HERA Today, Gone Tomorrow?Adrian M. Owen - 2003 - Trends in Cognitive Sciences 7 (9):383-384.
  11.  2
    Functional Magnetic Resonance Imaging, Covert Awareness, and Brain Iniury.Adrian M. Owen - 2011 - In Judy Illes & Barbara J. Sahakian (eds.), Oxford Handbook of Neuroethics. Oxford University Press. pp. 135.
    Rapid technological advances have produced a variety of novel techniques that allow a comprehensive assessment of brain function to be combined with detailed information about brain structure and connectivity. Any assessment that is based on exhibited behavior after brain injury will be prone to error for a number of reasons. These questions are explored in the context of recent studies in both healthy populations and brain injured patients that have sought to investigate covert awareness through the use of functional neuroimaging. (...)
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  12.  4
    Modulation of Cognitive Flexibility by Hunger and Desire.Richard M. Piech, Adam Hampshire, Adrian M. Owen & John A. Parkinson - 2009 - Cognition and Emotion 23 (3):528-540.
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    Anesthesia and Neuroimaging: Investigating the Neural Correlates of Unconsciousness.Alex A. MacDonald, Lorina Naci, Penny A. MacDonald & Adrian M. Owen - 2015 - Trends in Cognitive Sciences 19 (2):100-107.
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    Tuning in to the Temporal Dynamics of Brain Activation Using Functional Magnetic Resonance Imaging.Adrian M. Owen - 1997 - Trends in Cognitive Sciences 1 (4):123-125.
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    Acknowledging Awareness: Informing Families of Individual Research Results for Patients in the Vegetative State.Mackenzie Graham, Charles Weijer, Andrew Peterson, Lorina Naci, Damian Cruse, Davinia Fernández-Espejo, Laura Gonzalez-Lara & Adrian M. Owen - 2015 - Journal of Medical Ethics 41 (7):534-538.
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    Expert and Crowd-Sourced Validation of an Individualized Sleep Spindle Detection Method Employing Complex Demodulation and Individualized Normalization.Laura B. Ray, Stéphane Sockeel, Melissa Soon, Arnaud Bore, Ayako Myhr, Bobby Stojanoski, Rhodri Cusack, Adrian M. Owen, Julien Doyon & Stuart M. Fogel - 2015 - Frontiers in Human Neuroscience 9.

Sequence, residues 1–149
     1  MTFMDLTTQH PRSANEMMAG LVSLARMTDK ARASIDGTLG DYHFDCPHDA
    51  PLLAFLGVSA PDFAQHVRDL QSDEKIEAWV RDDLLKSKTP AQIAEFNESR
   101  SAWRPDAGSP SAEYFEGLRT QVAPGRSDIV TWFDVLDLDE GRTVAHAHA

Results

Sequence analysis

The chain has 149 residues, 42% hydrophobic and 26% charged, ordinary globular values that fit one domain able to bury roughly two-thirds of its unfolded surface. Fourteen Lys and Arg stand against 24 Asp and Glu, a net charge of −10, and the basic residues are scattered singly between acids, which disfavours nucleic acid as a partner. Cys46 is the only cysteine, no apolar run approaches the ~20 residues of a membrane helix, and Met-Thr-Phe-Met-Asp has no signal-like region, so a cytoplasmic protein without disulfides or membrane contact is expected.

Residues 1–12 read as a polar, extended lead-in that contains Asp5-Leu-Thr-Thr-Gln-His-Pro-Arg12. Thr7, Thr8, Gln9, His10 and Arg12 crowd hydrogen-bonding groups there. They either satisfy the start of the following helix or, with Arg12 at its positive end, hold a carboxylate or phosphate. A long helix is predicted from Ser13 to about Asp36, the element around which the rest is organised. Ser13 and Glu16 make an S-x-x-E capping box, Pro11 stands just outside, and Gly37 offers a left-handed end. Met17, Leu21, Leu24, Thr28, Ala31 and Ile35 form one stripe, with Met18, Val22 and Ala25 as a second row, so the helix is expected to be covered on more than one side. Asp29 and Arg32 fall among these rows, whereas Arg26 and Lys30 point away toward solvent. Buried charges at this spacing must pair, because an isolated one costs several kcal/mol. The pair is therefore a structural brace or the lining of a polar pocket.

17.  1
    Diffusion Tensor Imaging and White Matter Abnormalities in Patients with Disorders of Consciousness.Carlo Cavaliere, Marco Aiello, Carol Di Perri, Davinia Fernandez-Espejo, Adrian M. Owen & Andrea Soddu - 2014 - Frontiers in Human Neuroscience 8.
  18.  2
    When Thoughts Become Actions : Neuroimaging in Non-Responsive Patients.Adrian M. Owen - 2012 - In Sarah Richmond, Geraint Rees & Sarah J. L. Edwards (eds.), I Know What You're Thinking: Brain Imaging and Mental Privacy. Oxford University Press. pp. 73.
  19. UPDATE-Comment-Response: Cortical Function in the Persistent Vegetative State.D. Menon, Adrian M. Owen & John D. Pickard - 1999 - Trends in Cognitive Sciences 3 (2):44-45.
  20. The Dissociation Between Command Following and Communication in Disorders of Consciousness: An fMRI Study in Healthy Subjects.Natalie R. Osborne, Adrian M. Owen & Davinia Fernández-Espejo - 2015 - Frontiers in Human Neuroscience 9.
  21. The Role of Executive Processes in Working Memory Deficits in Parkinson’s Disease.Adrian M. Owen, Edward Necka, Roger R. Barker, Daniel Bor & Aleksandra Gruszka - 2016 - Polish Psychological Bulletin 47 (1):123-130.
    Idiopathic Parkinson’s disease impairs working memory, but the exact nature of this deficit in terms of the underlying cognitive mechanisms is not well understood. In this study patients with mild clinical symptoms of PD were compared with matched healthy control subjects on a computerized battery of tests designed to assess spatial working memory and verbal working memory. In the spatial working memory task, subjects were required to recall a sequence of four locations. The verbal working memory task was methodologically identical (...)